Audits, Reviews, and Compilations
There are three levels of examination of financial statements.
If an association's governing documents require an audit, a licensee of the California State Board of Accountancy (a Certified Public Accountant) must perform an extensive examination of the association's financial records and will issue a statement as to their compliance with generally accepted accounting principles (GAAP). An audit is performed in accordance with GAAS (generally accepted auditing standards) established by the American Institute of CPAs (AICPA). The auditing standards are described in statements on Auditing Standards (SAS). Audits provide a "reasonable level of assurance" that the financial statements are materially correct. Consequently, audits are more costly than reviews and compilations.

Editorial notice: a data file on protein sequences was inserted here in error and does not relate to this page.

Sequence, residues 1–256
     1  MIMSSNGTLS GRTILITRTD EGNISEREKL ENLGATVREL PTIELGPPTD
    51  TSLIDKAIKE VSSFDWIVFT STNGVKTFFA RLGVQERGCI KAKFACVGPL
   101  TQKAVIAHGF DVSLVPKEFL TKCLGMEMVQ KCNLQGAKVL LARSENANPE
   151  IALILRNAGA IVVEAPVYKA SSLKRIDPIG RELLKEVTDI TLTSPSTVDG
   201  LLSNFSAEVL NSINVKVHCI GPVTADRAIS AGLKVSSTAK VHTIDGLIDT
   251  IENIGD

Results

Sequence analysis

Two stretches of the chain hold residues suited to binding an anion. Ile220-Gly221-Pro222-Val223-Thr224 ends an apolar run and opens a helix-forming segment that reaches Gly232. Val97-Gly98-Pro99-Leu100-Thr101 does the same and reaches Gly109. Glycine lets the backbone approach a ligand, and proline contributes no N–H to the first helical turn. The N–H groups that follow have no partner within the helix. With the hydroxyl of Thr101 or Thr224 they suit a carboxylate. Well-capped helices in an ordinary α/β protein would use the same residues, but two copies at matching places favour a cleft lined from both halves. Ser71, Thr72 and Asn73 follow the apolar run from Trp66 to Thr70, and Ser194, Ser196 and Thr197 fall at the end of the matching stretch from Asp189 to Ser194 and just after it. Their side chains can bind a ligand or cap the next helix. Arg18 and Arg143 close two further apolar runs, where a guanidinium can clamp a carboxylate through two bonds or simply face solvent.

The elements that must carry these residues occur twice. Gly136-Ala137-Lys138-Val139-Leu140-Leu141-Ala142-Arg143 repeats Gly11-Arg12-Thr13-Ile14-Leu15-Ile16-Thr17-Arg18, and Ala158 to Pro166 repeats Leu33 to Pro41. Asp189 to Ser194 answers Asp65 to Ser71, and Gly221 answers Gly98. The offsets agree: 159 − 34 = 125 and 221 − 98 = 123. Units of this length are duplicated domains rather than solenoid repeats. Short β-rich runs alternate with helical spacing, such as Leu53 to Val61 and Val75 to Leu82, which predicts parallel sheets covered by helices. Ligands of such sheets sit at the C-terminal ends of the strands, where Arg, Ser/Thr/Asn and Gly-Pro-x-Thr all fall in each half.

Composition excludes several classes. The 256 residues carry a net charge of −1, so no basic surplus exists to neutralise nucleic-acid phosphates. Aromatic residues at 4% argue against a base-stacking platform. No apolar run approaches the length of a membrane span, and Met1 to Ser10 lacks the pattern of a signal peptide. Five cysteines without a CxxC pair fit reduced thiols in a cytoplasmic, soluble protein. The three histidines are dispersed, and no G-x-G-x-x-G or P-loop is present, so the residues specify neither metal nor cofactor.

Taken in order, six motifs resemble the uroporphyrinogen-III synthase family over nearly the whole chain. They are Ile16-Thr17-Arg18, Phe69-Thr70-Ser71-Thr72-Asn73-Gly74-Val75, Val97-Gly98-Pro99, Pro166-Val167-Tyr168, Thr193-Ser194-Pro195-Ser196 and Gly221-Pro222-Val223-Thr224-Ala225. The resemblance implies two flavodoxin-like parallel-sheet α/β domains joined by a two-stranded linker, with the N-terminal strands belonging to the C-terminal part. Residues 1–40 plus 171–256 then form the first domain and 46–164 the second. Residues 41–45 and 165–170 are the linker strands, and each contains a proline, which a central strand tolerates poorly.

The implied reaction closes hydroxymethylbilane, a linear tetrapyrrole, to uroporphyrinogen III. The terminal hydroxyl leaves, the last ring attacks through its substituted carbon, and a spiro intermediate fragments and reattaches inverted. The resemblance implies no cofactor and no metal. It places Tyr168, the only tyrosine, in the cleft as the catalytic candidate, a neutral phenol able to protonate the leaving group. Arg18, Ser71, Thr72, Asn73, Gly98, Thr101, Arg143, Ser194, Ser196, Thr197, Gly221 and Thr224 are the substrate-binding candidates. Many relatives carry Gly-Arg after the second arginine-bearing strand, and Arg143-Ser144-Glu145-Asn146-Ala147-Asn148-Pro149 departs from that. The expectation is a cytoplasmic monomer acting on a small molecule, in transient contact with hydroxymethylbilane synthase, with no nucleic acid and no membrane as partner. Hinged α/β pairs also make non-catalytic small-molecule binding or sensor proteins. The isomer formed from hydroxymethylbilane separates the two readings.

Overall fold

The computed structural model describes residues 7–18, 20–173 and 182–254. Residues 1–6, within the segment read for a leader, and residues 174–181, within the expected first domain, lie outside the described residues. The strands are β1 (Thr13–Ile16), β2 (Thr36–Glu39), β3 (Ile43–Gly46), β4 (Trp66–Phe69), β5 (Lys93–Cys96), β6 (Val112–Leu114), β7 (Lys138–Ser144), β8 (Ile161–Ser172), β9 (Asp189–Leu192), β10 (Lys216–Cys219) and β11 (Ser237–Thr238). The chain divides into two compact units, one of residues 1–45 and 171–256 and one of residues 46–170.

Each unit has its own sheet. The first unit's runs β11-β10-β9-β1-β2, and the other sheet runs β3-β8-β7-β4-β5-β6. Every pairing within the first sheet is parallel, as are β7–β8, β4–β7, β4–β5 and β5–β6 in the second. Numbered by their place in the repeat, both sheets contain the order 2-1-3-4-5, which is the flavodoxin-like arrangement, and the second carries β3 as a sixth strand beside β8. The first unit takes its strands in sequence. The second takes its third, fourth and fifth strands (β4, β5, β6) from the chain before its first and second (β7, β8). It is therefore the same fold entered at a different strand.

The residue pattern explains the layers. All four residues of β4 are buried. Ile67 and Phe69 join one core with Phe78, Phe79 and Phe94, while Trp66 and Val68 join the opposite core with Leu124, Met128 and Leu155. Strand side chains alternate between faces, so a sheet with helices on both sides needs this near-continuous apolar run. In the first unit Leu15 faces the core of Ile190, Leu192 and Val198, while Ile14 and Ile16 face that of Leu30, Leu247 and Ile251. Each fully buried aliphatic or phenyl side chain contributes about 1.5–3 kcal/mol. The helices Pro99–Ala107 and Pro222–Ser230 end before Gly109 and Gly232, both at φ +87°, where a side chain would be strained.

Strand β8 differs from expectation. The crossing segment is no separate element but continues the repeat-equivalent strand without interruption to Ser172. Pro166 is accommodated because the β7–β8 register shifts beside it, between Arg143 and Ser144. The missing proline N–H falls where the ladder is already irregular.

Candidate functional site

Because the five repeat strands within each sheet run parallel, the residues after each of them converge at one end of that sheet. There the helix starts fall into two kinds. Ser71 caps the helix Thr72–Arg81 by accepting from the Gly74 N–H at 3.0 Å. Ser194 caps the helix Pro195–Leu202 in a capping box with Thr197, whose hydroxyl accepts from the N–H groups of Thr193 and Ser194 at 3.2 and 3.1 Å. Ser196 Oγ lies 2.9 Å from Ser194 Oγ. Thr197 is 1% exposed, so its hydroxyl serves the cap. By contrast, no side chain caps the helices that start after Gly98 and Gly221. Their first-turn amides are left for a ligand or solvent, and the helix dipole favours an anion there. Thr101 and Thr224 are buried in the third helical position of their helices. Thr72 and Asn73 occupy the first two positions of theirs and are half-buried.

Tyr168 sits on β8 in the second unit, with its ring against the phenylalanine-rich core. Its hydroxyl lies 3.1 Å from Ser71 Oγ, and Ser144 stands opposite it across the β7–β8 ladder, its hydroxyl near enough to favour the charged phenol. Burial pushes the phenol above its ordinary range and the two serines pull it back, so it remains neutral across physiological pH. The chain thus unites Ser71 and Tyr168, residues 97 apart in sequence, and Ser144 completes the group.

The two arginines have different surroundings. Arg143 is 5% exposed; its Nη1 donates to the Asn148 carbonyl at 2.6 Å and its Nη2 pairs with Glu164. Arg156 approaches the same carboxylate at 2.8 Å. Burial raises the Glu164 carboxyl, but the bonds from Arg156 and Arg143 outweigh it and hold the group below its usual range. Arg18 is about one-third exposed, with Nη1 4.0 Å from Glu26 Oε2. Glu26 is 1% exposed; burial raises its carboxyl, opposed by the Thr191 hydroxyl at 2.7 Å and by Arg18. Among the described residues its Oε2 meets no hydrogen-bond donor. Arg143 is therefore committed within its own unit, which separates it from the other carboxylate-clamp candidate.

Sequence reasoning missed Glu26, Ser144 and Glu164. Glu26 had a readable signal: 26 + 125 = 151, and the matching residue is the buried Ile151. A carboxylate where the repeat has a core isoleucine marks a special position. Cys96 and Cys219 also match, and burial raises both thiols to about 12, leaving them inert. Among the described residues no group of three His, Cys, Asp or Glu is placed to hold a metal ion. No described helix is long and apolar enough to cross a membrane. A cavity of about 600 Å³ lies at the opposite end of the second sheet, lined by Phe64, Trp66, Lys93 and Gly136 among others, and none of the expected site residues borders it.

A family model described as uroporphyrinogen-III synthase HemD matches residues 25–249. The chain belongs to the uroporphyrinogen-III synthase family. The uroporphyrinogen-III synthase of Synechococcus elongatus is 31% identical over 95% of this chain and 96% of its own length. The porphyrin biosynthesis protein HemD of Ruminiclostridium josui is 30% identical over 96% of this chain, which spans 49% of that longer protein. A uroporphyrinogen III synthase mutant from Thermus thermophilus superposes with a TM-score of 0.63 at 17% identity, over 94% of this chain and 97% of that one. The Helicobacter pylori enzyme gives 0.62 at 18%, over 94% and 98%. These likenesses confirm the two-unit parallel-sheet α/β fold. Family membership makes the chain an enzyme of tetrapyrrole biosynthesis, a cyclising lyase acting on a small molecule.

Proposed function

If an association's governing documents are silent regarding audits, the Davis-Stirling Act requires, at the minimum, a "review" of the finances for any fiscal year in which the association's gross revenue exceeds $75,000. In a review, a CPA performs limited inquiries in accordance with generally accepted auditing standards, and gives "limited assurance" that the financial statement is materially correct. Reviews are less costly than audits.
A compilation is the lowest level of review in which a qualified accountant reviews the information provided by the association. The accountant does not need to be independent or a CPA and is required to perform very few procedures with a compilation. The accountant takes minimal responsibility for the financial statement and gives no assurance as to compliance with GAAP.